What Is RTI?
RtI or Response to Intervention is an educational initiative that can be described as a multistep approach toward helping each individual student reach his or her maximum potential. RtI is a regular education initiative, designed to help students who struggle with learning concepts in areas like reading skills, get the assistance they need in the form of research-based instructional interventions applied at increasing levels of intensity. The RtI process has the potential to limit the incidence of academic failure that any student may experience. In order to identify those students who need assistance, universal screenings have been introduced in grades kindergarten through five. Unlike the PSSA, these assessments are aligned with national standards, and are meant to measure a student’s ability to learn, as opposed to assessing a student’s retention of material that has been previously taught. Assessment teams at the elementary schools will administer these benchmark assessments three times per year, and each individual student’s progress will be closely monitored by teachers and administrators.
One of these screening methods is the assessment of Dynamic Indicators of Basic Early Literacy Skills (DIBELS). These are a set of procedures and measures for assessing acquisition of early literacy skills. They are designed to be short three-four minute measures used to gather important data on a student’s development of early literacy and reading skills. Another tool is the 4Sight test administered three times per year. The 4Sight testing is designed to determine whether or not students are reaching certain benchmarks with regard to literacy and math skills. This testing will employ the methods and style of the PSSA test. Monitored data gathered from the 4Sight tests will also be used to assist teachers and administrators in identifying students who will benefit from additional instructional interventions.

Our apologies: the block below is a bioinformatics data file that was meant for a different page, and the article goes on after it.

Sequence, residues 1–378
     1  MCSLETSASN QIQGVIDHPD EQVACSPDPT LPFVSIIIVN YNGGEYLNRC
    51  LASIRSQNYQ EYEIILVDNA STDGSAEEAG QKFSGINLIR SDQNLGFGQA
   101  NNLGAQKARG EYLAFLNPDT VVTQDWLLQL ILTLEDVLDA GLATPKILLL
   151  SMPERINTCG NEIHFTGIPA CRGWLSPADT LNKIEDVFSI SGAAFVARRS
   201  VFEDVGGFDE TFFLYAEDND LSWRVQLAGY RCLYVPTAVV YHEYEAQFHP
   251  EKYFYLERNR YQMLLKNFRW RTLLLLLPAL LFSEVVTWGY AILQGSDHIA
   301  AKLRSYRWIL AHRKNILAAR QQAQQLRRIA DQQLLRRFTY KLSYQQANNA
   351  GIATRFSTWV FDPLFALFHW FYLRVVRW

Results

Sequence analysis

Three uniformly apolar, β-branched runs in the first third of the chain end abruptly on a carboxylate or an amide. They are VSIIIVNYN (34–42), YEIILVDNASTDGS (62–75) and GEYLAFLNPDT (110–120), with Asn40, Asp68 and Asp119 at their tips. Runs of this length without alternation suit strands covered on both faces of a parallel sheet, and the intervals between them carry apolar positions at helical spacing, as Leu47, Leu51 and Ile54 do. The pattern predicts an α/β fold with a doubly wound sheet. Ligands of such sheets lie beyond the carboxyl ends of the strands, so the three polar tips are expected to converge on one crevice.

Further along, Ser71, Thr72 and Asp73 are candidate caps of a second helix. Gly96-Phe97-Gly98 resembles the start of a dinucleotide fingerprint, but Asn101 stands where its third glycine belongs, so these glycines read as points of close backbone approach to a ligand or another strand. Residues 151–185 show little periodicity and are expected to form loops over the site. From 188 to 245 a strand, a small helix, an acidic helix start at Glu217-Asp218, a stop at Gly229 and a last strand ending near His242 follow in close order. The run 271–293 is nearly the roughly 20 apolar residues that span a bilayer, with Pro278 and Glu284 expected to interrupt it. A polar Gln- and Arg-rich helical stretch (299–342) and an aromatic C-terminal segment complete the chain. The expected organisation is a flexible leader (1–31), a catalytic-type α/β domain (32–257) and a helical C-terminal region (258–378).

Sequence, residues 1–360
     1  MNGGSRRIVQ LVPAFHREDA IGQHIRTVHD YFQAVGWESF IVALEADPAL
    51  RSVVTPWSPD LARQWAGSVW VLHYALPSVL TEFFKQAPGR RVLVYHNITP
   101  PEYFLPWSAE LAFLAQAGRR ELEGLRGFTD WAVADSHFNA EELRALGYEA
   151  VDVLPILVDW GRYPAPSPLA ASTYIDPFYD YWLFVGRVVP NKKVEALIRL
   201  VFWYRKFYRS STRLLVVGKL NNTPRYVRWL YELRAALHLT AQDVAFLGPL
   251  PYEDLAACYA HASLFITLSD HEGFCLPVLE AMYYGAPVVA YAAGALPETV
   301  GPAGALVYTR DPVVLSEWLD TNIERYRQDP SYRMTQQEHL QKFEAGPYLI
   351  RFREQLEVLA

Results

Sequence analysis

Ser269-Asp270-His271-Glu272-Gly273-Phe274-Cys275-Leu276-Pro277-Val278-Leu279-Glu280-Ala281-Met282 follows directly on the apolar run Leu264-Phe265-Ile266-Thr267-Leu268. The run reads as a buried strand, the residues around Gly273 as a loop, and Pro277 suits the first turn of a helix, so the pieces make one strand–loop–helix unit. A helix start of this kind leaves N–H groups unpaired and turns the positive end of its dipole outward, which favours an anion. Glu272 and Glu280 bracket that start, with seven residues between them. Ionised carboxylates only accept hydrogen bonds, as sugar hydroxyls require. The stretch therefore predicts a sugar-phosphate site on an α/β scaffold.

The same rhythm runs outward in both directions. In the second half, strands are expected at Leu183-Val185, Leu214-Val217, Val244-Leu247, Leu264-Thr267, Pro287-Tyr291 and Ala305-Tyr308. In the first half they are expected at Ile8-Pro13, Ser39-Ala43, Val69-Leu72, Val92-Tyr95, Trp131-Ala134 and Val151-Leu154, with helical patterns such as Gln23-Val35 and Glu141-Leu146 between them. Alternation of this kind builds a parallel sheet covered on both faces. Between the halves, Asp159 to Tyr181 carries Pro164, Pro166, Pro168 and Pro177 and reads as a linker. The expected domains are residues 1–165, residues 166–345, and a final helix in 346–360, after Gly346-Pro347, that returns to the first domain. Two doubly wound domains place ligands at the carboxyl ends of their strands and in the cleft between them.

The initial introduction of RtI will require the gathering of this baseline data based on the administration of these assessments. Once the data is in place, individual student progress can be mapped in order to determine which students would benefit from additional interventions including small group instruction and/or more intensive assistance. Also, the results of Methacton’s performance on the PSSA tests reveal that many of Methacton’s students perform at or above proficiency. Many of these students would benefit from additional enrichment opportunities.
The varying levels of intensity prescribed within the RtI process are described as “tiers.” Students who meet benchmarks are in tier one. Students needing additional interventions in order to reach benchmarks are in tier two. Students in tier two will be given small group instruction using research-based instructional methods and tools designed especially for them, in order to give them the assistance they need within the framework of their regular school day. Since the students will continue to be monitored through the assessments, students who need more intense interventions will be in tier three. At this level, instruction can be offered in even smaller groups of two to three students at a time.
The information gathered by the RtI process can lead to earlier interventions for children who may experience difficulties and enrich students reaching grade level expectations.